Molnupiravir therapy in unvaccinated COVID-19 patients with mild to moderate disease results in a halving of the rate of hospitalisation
The use of molnupiravir therapy within 5 days of the onset of COVID-19 symptoms, produced a 50% reduction in the risk of hospitalisation for any cause or death among unvaccinated patients. This was the main conclusion from the MOVe-OUT study and which was supported by the manufacturer of the drug, Merck Sharp and Dohme.
Molnupiravir is a small-molecule ribonucleoside pro-drug of N-hydroxycytidine (NHC) and which has previously been shown to inhibit the influenza virus. In vivo, the drug is phosphorylated and incorporated into viral RNA, rendering the virus non-infectious and preliminary trial data suggested that the drug was efficacious and safe in patients infected with COVID-19 which formed the basis for the current MOVe-OUT trial.
For the Phase II-III trial, recruited patients were those who were non-hospitalised, with mild or moderate, laboratory confirmed COVID-19 infection, a symptom onset of no more than 5 days and at least one risk factor for more severe disease. The risk factors included age (> 60 years), active cancer, chronic kidney disease, COPD, obesity, diabetes or serious heart conditions such as heart failure and coronary artery disease. Patients were excluded where there was an anticipated need for hospitalisation (due to COVID-19) within the next 48 hours.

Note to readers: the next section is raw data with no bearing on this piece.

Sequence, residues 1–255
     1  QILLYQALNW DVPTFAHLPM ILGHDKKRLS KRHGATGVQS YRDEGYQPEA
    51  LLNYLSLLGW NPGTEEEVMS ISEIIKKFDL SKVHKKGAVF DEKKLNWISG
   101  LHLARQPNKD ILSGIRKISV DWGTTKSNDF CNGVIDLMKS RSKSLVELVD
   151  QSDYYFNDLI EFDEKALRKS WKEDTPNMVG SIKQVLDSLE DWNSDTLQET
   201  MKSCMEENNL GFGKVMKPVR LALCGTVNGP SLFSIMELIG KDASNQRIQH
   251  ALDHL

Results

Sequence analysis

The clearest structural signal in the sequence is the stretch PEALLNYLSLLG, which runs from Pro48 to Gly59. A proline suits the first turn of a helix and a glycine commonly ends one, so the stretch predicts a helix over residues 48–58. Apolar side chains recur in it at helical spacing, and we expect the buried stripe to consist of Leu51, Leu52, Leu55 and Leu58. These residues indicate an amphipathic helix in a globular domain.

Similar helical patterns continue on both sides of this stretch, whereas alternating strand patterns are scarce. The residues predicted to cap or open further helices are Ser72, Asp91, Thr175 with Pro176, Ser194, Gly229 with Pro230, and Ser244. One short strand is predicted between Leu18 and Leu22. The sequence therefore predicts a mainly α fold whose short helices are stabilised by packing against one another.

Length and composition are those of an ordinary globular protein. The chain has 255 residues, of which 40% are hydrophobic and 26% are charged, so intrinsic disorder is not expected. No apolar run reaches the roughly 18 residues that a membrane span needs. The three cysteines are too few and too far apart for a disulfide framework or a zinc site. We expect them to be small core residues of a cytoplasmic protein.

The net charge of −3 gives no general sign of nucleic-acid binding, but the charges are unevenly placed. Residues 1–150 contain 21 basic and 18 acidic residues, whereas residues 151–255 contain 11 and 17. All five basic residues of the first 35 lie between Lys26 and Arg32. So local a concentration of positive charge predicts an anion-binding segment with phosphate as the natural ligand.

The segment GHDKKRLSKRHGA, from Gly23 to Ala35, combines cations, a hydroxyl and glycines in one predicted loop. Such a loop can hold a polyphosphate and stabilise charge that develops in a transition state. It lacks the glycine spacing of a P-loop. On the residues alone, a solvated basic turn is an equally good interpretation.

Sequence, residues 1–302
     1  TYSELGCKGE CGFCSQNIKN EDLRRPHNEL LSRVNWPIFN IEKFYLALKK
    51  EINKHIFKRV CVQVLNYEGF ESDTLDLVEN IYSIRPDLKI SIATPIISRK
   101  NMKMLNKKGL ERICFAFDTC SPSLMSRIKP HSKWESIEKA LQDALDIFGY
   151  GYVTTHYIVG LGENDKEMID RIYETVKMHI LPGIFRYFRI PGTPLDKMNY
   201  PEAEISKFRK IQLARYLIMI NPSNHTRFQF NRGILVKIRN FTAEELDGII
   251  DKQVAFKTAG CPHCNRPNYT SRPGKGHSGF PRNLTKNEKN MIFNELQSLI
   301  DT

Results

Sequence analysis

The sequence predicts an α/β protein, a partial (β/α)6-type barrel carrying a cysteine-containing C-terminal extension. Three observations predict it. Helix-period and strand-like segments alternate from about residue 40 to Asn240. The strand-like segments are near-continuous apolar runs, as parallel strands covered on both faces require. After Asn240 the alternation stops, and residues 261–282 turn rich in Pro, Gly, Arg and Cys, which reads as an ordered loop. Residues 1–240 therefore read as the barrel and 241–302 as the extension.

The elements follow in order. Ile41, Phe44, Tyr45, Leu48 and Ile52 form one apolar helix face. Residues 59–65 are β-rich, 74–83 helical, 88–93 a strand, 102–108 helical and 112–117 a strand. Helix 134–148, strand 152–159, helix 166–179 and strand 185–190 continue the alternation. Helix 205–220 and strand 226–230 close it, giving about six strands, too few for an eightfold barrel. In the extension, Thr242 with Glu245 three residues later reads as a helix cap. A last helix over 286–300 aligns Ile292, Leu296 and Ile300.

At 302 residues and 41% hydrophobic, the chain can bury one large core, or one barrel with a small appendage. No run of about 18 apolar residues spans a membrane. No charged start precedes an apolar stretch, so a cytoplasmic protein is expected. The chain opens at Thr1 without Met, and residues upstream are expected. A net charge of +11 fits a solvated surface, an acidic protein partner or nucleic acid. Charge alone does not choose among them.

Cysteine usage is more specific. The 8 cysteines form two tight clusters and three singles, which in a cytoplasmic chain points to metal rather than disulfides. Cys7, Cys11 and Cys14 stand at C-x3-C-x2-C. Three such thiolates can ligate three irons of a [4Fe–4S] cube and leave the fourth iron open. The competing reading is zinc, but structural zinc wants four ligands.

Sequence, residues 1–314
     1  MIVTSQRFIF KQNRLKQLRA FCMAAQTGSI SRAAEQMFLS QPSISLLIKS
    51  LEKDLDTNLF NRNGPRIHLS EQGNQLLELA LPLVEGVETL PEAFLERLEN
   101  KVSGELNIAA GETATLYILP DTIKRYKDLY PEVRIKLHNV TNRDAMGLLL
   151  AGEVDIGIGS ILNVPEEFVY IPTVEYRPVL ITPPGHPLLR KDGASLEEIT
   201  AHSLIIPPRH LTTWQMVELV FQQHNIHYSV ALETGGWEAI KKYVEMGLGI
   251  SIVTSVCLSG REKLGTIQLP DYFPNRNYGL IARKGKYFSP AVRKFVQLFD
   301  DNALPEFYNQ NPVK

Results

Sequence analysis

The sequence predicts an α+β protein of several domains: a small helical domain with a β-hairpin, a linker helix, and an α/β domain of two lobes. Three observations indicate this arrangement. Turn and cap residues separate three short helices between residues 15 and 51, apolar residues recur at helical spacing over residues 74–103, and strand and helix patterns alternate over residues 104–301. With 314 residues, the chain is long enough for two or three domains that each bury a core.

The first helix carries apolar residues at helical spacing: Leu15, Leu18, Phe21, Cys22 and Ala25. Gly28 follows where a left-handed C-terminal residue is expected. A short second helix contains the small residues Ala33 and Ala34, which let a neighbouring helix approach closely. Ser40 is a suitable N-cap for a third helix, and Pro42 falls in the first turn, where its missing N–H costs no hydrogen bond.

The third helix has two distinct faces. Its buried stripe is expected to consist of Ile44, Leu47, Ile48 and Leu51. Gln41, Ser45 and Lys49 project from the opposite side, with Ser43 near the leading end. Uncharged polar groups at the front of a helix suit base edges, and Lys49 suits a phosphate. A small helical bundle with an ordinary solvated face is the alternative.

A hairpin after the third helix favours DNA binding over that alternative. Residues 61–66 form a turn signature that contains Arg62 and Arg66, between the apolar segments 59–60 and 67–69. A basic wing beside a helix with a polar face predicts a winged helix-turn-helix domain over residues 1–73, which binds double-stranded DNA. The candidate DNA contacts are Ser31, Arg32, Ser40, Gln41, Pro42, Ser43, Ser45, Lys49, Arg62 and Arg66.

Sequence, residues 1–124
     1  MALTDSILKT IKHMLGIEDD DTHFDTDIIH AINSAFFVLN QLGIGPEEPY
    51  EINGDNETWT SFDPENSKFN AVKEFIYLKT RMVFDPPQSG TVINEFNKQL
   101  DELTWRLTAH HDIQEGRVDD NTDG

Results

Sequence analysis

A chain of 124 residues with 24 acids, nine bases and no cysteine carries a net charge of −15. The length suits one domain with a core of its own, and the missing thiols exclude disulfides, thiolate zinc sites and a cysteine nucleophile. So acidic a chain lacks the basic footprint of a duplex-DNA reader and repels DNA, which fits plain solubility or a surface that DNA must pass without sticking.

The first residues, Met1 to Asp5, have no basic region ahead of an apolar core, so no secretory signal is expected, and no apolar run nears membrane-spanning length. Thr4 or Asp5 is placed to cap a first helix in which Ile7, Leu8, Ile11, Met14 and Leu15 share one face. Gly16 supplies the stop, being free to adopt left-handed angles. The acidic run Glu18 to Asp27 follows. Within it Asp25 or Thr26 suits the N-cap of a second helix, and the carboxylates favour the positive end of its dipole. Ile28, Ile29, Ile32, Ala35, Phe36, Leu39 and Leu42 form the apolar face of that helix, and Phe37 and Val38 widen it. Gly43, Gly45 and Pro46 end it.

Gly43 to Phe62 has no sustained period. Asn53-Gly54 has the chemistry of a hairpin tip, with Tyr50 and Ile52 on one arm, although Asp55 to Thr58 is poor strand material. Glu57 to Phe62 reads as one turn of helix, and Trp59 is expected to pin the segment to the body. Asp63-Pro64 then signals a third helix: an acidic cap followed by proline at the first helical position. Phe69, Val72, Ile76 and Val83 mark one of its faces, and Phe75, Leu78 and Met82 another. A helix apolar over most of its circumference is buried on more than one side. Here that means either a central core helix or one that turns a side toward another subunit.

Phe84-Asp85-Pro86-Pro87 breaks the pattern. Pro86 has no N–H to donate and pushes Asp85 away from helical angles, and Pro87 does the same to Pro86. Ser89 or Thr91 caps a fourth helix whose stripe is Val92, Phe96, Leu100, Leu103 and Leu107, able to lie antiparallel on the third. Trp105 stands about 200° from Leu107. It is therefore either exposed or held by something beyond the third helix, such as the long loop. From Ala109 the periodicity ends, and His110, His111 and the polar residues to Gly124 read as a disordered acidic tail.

Those enrolled were randomised 1:1 to either molnupiravir therapy (800 mg) twice daily for five days or identical placebo. The primary efficacy endpoint was the incidence of hospitalisation for any cause, which the researchers defined as > 24 hours of acute hospital care or death through to day 29. The researchers also included a primary safety outcome as the incidence of adverse events.
A total of 1433 participants with a median age of 42 (53.6% female) were assigned to molnupiravir therapy (716) or placebo. Overall, 99.4% of these individuals had at least one risk factor for severe COVID-19, most commonly obesity (73.7%), age > 60 (17.2%) and diabetes (15.9%) with disease severity classed as mild in more than half (55.2%) of all cases.
The percentage of patients meeting the primary endpoint was 7.3% (molnupiravir) and 14.1% (placebo), a treatment difference of 6.8% (95% CI -11.3 to – 2.4, p = 0.001). Patients receiving molnupiravir had a lower risk of hospitalisation or death through to day 29 (6.8% vs 9.7%). There was one death reported in the molnupiravir group and 9 in the placebo group, all of which were considered to be COVID-19-related.
In terms of safety, 30.4% vs 33% of participants in the molnupiravir treatment arm vs placebo, experienced > 1 adverse event including diarrhoea, nausea and dizziness.
Since the trial was undertaken among unvaccinated participants, the potential value of the drug in preventing breakthrough infections could not be evaluated. Nevertheless, authors concluded that molnupiravir treatment was effective for the treatment of COVID-19 and that it did not appear to have any major safety concerns.
Bernal AJ et al. Molnupiravir for Oral Treatment of Covid-19 in Nonhospitalized Patients N Engl J Med 2021